Written in English
|Statement||Kelly Anne Durrell.|
|The Physical Object|
|Pagination||89,  leaves :|
|Number of Pages||89|
The up-to-date preface discusses recent neurological research and the comparison between the psychological development of visually impaired and autistic children. Language Development and Social Interaction in Blind Children continues to facilitate dialogue between those interested in the study of typically developing children and those interested in the development of children who are blind, and challenges some widely held beliefs about the development of communication in blind children. This study compared changes in cognitive, affective, and postural aspects of interaction during shared mother and child book reading on screen and on paper. Readers commonly express strong preferences for reading on paper, but several studies have shown marginal, if any, effects of text medium on cognitive outcomes such as recall. Shared reading with a parent is an engaging, affective Cited by: Blind and sighted children with their mothers: The development of discourse skills. Journal of Visual Impairment and Blindness, 90 (5), – Google ScholarCited by: 4. Acknowledging the relation between the family's SES and children's social cognition (e.g., Cutting & Dunn, ), we aimed to increase the use of parents’ references to both the book's plot and its socio-cognitive themes during shared reading in families from low-SES backgrounds, thereby hopefully promoting these children's social cognition. 3.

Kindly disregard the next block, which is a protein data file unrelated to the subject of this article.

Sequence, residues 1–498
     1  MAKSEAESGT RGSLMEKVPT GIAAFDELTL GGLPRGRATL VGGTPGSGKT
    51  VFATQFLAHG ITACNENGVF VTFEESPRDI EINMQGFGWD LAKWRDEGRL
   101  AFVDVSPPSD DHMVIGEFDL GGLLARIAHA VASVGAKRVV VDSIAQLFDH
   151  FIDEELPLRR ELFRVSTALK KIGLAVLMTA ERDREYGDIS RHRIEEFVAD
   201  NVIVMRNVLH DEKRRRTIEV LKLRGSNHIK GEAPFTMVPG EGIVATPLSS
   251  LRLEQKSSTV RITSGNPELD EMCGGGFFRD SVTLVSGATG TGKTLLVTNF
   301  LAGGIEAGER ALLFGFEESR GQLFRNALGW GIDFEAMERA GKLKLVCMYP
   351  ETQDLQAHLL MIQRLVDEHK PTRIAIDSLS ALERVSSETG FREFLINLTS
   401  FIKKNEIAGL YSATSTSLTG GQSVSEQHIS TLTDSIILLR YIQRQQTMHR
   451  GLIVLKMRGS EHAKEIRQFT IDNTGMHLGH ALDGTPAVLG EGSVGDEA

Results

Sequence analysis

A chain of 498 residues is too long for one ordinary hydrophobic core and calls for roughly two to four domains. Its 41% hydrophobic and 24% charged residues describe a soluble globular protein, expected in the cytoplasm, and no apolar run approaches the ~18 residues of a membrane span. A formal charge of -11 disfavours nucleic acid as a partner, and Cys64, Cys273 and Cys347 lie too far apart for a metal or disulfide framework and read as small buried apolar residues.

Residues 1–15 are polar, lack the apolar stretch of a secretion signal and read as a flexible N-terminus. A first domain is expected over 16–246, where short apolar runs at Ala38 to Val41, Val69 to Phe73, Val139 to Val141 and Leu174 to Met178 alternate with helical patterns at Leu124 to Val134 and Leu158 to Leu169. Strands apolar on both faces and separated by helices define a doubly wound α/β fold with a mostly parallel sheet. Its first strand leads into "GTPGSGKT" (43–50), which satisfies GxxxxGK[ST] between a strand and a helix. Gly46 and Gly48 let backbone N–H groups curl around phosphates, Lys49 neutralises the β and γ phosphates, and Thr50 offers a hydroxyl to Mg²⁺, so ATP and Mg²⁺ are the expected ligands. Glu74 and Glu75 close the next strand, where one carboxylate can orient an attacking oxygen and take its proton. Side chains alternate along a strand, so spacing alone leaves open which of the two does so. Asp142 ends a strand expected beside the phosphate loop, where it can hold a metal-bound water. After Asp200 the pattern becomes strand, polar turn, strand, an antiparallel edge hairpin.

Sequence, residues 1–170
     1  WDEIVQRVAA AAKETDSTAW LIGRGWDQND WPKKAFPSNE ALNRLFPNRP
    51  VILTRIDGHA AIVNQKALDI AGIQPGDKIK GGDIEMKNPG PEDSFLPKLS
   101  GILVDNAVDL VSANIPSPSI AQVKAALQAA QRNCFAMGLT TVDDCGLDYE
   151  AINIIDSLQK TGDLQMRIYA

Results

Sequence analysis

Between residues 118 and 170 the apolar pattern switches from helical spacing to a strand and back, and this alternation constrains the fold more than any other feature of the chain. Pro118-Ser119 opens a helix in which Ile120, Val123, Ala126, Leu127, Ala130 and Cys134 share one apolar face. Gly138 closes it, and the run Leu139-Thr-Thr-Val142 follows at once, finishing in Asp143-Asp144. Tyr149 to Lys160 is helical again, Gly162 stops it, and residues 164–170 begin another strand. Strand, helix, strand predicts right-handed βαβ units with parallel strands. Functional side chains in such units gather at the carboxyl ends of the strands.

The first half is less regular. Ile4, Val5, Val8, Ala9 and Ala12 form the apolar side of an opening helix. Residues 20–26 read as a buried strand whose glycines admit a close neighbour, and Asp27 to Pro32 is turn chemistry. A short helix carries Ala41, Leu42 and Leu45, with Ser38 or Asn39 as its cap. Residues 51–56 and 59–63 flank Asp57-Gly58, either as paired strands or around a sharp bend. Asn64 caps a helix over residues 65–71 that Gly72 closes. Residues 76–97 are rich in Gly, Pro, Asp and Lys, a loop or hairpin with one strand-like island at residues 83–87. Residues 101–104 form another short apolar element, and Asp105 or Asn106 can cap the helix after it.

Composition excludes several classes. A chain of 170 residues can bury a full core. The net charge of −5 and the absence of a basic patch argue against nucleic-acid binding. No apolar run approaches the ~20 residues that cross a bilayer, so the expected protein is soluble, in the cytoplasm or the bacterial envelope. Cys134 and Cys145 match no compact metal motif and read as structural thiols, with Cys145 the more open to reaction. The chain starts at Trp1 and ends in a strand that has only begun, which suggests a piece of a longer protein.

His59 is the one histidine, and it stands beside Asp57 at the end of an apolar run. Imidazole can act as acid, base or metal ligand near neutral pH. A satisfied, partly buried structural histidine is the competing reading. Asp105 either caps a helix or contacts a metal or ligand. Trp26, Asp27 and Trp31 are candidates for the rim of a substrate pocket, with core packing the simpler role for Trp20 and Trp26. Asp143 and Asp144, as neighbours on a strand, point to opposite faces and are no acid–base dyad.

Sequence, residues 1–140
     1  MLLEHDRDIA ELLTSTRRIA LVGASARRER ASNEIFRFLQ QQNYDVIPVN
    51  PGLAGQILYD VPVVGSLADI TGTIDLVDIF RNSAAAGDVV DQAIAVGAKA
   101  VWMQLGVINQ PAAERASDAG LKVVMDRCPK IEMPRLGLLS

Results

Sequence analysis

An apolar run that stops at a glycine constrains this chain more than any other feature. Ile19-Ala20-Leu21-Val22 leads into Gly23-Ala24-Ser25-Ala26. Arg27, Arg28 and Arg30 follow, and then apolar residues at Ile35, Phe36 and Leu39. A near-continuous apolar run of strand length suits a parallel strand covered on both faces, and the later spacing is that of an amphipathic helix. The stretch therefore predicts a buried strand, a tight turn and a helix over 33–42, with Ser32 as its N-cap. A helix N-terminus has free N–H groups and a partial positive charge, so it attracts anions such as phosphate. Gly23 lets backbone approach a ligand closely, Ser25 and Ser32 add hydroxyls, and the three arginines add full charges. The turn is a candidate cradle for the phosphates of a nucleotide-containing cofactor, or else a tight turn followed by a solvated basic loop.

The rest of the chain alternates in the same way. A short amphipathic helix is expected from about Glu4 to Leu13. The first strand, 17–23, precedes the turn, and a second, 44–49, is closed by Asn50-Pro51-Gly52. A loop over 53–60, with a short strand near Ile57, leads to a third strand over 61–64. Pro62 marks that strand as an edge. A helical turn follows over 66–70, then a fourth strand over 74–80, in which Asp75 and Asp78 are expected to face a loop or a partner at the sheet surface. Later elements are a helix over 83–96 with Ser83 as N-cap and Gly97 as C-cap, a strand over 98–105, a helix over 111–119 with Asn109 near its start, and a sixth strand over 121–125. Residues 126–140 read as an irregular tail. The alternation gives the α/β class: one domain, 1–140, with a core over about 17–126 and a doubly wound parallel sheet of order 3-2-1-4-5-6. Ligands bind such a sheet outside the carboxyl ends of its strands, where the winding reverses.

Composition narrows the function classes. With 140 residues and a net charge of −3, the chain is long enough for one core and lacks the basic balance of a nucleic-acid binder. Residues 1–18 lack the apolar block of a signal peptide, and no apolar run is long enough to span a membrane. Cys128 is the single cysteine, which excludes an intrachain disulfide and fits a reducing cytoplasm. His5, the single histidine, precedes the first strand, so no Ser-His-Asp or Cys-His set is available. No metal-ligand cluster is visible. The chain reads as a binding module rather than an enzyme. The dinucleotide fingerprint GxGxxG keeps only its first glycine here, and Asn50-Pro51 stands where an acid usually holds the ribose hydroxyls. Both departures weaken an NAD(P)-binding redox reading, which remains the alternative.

A study in Argentina reported a 30 times greater prevalence of ASD in blind children than in sighted children (Jure et al. ). Current Knowledge A recent review of 11 studies published from to focused on the similarity between visual . Visual impairment present from birth or from an early childhood may lead to psychosocial and emotional disorders. % of children in the group with visual impairment show traits of autism. An inclusive educational classroom refers to a learning environment where the academic, physical, and social needs of all learners, including those with disabilities, are addressed within one comprehensive setting [1, 2].The practice of inclusive education—or inclusion—within general education classrooms is becoming more prevalent within early childhood settings [3, 4, 5]. In comparison to sighted children, children who are blind a. experience articulation problems, which they quickly outgrow. b. differ with regard to all major aspects of language. c. are not impaired in language functioning. d. have restricted language development probably due to .
Emotional facial expressions of 10 congenitally blind and 10 sighted children, aged between 8 were compared. Facial movements were filmed in seven daily life emotional situations and then. The similar social context of infants create similarity of their vocabulary; the comparison of the results obtained with blind children and with sighted children from the same area and language. characteristics of mother–child discourse were associated with the child’s socio-communicative competence. Methods & Procedures: Mother–child discourse with twelve 6–year-old children with VI was coded during a shared book-reading narrative and compared with 14 typically sighted children matched in age and verbal ability. The blind children interacted less frequently with other children than did the sighted children, preferred tactile-auditory games and toys, and rarely engaged in symbolic games.